Sensor specifications typically use the maximum FWC number that can be realized in a pixel. In order to realize this FWC, the sensor is operated in saturation mode.  So in metrology systems when saturation behavior needs to be avoided, it is relevant to use the maximum FWC number at which the sensor still has a linear response (e.g. an increase in light of 2x causes an increase in video signal of 2x from the sensor).

So when you want to observe contrast changes in a bright scene, you require a camera with an image sensor that has a higher FWC. In bright scenes the contrast detecting ability is dominated by the shot noise of the camera, basically the FWC.  Some functionality such as binning and averaging can be done inside the camera to further reduce shot noise.


What is SNR?

Since we referenced SNR is Signal-to-Noise-Ratio, let’s go into some more details.

The formula for SNR is listed above. It is expressed in decibels (dB). The higher the number, the better the ability to detect contrast changes in bright scenes.


What is DNR?

Dynamic Range (DNR) and the signal to noise ratio (SNR) are sometimes considered interchangeable for CCD and CMOS image sensors and cameras, but they are not the same. While SNR basically expresses that ability to see contrast details in bright parts of the image, DNR indicates the total contrast resolution of the sensor (from dark to white).

With industrial cameras the formula used is:

DNR = 20*LOG(FWC/Read Noise).

It is expressed in dB as well.  FWC and Read noise are expressed in electrons.

It is a measure for the contrast range that can be detected. The larger the number, the
more grey levels that can be captured, thus the higher the contrast detecting resolution of the camera.

Dynamic range can be measured and calculated using the photon transfer curve if desired.  For more information on the Photon Transfer Curve, click here. 

Dynamic range provides a much more useful indication (compared to SNR) regarding the ability of the camera to provide the desired image details.  When comparing dynamic range values from different cameras, be sure to verify they were measured under the same conditions.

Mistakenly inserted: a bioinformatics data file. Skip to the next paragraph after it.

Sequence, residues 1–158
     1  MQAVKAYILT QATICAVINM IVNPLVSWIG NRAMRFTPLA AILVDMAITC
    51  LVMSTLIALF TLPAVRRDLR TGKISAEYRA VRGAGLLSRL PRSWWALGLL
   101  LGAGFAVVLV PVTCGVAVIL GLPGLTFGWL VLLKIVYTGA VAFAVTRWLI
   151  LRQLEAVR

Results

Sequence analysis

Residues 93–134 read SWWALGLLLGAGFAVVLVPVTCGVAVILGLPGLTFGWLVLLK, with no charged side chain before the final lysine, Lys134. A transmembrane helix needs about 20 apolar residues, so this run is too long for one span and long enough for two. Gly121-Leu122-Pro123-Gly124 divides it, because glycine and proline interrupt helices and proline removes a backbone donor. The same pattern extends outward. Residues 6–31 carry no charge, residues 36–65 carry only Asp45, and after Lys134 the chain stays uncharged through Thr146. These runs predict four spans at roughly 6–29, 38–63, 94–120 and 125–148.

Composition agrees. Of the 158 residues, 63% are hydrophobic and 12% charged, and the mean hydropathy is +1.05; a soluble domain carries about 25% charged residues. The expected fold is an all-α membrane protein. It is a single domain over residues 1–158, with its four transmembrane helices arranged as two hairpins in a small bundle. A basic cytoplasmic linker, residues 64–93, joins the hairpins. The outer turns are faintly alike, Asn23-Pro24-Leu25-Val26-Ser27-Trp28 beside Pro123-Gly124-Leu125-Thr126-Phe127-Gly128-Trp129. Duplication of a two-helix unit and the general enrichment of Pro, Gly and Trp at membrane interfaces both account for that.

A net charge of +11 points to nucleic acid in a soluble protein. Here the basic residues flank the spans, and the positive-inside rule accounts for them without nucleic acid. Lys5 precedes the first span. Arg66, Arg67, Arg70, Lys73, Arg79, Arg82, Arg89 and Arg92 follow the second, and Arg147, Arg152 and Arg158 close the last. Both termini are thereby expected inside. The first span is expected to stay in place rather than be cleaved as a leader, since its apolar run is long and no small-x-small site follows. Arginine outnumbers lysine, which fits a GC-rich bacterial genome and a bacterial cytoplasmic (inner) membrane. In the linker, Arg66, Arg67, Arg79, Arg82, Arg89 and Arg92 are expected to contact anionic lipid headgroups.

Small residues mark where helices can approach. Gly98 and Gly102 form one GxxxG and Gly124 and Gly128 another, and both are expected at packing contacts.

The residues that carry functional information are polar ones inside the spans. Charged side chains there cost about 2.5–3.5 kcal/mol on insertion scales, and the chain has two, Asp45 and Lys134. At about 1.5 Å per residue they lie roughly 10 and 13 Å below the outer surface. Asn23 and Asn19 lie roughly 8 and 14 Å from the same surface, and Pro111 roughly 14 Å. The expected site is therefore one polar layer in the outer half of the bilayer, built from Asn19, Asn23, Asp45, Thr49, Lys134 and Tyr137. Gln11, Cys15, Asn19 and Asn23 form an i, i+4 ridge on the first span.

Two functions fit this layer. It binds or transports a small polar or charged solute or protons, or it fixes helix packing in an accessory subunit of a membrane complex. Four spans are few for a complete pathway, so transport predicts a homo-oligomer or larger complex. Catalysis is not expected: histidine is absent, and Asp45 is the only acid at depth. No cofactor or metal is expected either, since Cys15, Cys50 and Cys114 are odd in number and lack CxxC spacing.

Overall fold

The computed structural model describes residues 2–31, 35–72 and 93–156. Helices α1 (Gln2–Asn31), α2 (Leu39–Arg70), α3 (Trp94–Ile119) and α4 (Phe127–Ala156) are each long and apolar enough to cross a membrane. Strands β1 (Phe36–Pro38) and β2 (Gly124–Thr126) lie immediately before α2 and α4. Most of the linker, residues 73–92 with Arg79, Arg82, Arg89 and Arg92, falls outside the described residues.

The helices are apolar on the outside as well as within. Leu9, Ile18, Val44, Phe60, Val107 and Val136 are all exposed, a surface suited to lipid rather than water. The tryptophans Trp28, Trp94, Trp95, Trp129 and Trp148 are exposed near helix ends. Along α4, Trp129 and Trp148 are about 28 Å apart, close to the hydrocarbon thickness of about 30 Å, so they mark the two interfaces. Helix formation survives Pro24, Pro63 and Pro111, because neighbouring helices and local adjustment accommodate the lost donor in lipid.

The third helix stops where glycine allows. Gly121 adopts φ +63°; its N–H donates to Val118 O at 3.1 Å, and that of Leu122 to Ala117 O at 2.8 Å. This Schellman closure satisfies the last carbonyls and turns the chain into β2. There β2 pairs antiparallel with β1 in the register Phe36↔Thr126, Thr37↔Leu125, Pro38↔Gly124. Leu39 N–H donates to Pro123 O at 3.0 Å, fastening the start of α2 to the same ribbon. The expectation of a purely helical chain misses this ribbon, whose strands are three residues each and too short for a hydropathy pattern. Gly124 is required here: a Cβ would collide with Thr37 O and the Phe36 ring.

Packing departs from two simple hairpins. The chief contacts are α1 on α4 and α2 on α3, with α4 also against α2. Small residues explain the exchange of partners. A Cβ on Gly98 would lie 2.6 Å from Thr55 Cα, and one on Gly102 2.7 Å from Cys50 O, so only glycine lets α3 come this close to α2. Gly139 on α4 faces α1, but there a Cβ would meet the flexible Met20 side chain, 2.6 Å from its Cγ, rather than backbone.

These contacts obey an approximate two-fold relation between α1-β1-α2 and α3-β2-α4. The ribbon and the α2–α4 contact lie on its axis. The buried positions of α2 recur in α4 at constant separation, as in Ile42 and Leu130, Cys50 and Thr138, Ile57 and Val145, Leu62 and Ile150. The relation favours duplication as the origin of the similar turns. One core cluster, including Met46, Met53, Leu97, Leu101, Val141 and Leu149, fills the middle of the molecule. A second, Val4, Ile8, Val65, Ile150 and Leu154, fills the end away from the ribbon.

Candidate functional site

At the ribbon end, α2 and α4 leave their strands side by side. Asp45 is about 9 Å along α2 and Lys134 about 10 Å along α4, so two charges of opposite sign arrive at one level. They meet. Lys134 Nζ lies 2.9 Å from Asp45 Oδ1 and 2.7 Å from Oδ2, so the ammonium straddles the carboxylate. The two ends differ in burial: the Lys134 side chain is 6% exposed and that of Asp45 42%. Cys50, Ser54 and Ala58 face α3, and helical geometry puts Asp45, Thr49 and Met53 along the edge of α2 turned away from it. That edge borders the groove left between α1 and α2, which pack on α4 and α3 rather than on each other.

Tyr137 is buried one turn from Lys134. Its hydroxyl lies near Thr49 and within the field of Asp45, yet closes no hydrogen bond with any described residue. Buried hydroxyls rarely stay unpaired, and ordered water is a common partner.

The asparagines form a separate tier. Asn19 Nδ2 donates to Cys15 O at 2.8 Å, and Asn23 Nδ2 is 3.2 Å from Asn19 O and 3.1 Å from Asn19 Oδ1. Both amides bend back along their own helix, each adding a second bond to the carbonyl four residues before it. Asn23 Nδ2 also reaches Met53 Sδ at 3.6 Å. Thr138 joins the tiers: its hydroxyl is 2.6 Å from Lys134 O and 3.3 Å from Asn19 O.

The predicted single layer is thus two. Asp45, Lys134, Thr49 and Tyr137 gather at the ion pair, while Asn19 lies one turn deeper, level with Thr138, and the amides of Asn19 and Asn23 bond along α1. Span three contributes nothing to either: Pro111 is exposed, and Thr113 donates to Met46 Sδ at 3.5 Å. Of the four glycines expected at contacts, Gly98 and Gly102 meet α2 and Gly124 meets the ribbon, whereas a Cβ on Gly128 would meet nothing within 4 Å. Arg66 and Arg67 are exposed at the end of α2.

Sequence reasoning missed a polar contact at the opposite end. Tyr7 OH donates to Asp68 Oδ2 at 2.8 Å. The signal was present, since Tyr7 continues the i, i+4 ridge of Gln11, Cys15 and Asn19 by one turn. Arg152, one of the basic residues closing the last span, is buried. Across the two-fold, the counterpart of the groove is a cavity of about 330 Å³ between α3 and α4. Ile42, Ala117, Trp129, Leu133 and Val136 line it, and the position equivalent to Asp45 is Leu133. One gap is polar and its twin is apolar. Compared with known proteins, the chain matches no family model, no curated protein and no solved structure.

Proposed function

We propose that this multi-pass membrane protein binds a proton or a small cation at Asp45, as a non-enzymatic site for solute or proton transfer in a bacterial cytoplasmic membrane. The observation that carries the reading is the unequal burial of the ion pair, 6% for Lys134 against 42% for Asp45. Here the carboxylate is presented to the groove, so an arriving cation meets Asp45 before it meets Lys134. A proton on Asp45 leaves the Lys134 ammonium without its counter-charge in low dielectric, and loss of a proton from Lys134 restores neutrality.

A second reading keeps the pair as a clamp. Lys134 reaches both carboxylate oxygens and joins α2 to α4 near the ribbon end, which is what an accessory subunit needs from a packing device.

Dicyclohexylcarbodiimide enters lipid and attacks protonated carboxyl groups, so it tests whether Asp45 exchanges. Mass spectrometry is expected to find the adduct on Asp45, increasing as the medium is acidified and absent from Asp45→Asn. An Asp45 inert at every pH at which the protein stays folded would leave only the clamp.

The system is said to be light limited when, while not yet reaching saturation, the exposure of the sensor cannot be increased. Large full well is not of the essence hereOther performance parameters such as read noise, QE (sensitivity), and fixed pattern noise behavior are more important.

The system is said to be shot noise limited when there is an abundance of light and a large full well is desired to optimize it. The absolute noise level in electrons will be higher for the shot noise than for the read noise. If more light can be captured (for example by increasing the integration time), the better the SNR becomes according to the equation. It pays off here to use a camera with a larger full well.

For more information about the different noise sources and the differences with CCD and CMOS image sensors, see additional information from Albert Theuwissen of Harvest Imaging: 


Related Posts:

What can you do with 4 electrons of read noise now from a CMOS industrial camera - half of that of a CCD?

How to Select the Best Industrial Camera - Are you shot noise limited? 

Dynamic Range DNR and Signal to Noise Ratio SNR for CCD and CMOS image sensors 




Topics: Vision System Optimization

Previous blog:

Next blog: